Double Jeopardy! with Ken Jennings and Bob Harris
Who are Bob Harris and Ken Jennings? If you get that corny little joke, you already know -- they're both super-smart and slightly obsessive Jeopardy! stars, they both just wrote books about the experience, and they both like mental_floss (maybe you've seen Ken's column in our magazine). Today we're running interviews with both of them. First, let's hear from Bob, whose hugely funny new book is called Prisoner of Trebekistan:
While practicing for stints on the show, Bob Harris often referred to this as the "Jeopardy Weapon."
What is "the buzzer?" It's officially called a "Signaling Device," but that's not a name, really, just a placeholder for where one should go. So I tried to find something better: Clue Zapper, Palm Hoopty, Mr. Smartyhands, the Mervulator. I settled on the Jeopardy Weapon because when you've got the rhythm of the game, it's like you're holding the Hammer of Thor. You're crushing your opponents with your thumb.
Tell us about your training regimen "“ I hear you only ate the food you could get in the studio cafeteria.
It was the same reason why there's a home field advantage in sports. Basically, when your environment for recall is congruent with your environment for encoding, it's easier to recall your memories. Taken to the extreme, in my case, I wound up essentially turning my apartment into the Jeopardy! studio. I put bright halogen lights overhead and placed the TV as far away as it would go. I would study standing up. My girlfriend at the time thought I was out of my mind.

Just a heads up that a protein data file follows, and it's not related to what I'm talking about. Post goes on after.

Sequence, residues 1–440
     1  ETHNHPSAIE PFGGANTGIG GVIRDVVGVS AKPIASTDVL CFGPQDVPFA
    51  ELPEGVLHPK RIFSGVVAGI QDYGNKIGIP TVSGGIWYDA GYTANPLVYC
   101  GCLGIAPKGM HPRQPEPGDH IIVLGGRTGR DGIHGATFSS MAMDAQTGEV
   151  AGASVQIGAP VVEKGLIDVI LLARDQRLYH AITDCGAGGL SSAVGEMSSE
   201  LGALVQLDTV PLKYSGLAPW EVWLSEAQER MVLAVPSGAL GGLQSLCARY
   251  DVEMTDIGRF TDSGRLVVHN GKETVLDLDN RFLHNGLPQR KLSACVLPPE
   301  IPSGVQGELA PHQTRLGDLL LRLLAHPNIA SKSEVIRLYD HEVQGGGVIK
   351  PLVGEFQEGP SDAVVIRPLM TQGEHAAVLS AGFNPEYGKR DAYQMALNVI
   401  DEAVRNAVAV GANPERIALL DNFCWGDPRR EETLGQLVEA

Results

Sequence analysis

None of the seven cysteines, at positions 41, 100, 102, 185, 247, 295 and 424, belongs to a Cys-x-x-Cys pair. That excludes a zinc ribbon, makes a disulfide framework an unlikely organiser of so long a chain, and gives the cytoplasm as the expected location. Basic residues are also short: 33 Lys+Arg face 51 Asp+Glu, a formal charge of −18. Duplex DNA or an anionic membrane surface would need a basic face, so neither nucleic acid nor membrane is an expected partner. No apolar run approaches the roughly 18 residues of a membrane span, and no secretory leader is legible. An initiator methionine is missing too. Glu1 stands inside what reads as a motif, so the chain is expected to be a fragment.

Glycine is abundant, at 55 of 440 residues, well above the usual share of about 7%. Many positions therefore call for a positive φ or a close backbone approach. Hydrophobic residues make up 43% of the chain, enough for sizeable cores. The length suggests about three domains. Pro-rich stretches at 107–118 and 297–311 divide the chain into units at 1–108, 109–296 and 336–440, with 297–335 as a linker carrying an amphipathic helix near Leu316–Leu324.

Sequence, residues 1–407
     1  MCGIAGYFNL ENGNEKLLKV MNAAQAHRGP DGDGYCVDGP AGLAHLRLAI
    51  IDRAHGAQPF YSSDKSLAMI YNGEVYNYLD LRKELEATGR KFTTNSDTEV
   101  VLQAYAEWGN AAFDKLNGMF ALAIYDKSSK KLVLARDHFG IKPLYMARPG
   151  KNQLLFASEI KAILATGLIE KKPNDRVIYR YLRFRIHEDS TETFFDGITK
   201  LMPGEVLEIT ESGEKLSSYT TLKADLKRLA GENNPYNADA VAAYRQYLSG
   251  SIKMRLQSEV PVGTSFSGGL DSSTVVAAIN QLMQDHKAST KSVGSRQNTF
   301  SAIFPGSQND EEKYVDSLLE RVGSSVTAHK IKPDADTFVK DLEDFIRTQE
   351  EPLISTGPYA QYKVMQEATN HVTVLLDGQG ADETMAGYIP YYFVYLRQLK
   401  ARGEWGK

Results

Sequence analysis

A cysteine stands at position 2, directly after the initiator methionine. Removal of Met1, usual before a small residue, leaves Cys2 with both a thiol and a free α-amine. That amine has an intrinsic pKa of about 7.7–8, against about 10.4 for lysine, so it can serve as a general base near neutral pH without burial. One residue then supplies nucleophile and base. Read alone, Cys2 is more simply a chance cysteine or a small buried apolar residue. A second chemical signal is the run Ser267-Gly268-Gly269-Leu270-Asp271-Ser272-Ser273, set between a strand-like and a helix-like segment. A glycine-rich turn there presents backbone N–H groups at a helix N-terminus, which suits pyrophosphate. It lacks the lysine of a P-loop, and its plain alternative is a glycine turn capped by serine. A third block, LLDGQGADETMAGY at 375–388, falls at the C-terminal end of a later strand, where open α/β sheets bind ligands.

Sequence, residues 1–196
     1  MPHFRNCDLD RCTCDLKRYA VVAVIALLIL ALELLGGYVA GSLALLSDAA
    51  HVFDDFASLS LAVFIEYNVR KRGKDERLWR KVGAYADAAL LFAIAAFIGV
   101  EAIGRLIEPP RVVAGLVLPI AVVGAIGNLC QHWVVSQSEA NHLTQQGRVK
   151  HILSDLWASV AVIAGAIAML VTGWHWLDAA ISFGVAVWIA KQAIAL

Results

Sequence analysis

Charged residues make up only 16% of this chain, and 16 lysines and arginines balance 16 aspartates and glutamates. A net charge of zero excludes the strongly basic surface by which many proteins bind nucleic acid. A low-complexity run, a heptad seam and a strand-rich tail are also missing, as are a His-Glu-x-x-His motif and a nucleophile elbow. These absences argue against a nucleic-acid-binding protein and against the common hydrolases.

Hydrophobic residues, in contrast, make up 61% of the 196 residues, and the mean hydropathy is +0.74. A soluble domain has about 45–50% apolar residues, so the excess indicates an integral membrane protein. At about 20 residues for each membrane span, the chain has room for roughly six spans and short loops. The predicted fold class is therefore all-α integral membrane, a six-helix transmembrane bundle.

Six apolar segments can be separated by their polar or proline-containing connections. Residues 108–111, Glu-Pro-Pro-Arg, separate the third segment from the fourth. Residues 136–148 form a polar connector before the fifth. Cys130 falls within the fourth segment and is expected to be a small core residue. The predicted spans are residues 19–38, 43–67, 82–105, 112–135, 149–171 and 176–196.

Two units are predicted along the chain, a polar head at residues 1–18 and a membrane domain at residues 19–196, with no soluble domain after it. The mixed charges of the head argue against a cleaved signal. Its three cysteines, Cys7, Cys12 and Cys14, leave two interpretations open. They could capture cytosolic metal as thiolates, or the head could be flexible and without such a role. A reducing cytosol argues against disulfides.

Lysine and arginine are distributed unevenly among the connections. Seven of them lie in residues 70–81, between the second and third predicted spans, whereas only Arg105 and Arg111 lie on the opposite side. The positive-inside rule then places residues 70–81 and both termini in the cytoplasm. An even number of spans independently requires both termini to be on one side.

But she put up with it?
Define "putting up." She's a teacher and her experience was with conventional rote learning techniques, which for me amount to placing the book against your head and beating yourself unconscious. I think it was an insult to the way she makes her living. When I then came home after winning five straight games, that was even more of an affront.
What did you think of the brouhaha over Ken Jennings' recent comments about the show?
Ken got a bad rap. He was clearly kidding around. A lazy reporter took a playful, friendly tease and blew it up and the next thing you know it was in the North Korea Times. "¦ It was virtually the same grim joy that [the media] brought to the Mel Gibson story. We often as a society seize on fallen stars, Icarus stories. And the persistent message sent by these stories is that no matter hot or rich or successful the subjects are, they're not better than you.
In your book, you lay out a strategy for winning that starts with "obvious things may be worth noticing." Can you take us through it?
Seeing the obvious requires you to actually be present in the moment, to not be busy in your head. It sounds like the most elementary thing in the world but I think it's the most difficult, particularly for intelligent people who are always thinking. Sometimes there are problems that need to be solved not with faster or harder thought but with calming down. In Jeopardy! there's a hint in every clue, and sometimes it helps to you slow down and look for the hint. My Eightfold Path of Enlightened Jeopardy actually began as an unserious reference to Buddhism, and then what I ended up writing really was a lot like the actual Eightfold Path. Cool, huh?
So how did "seeing the obvious" work for you on the show?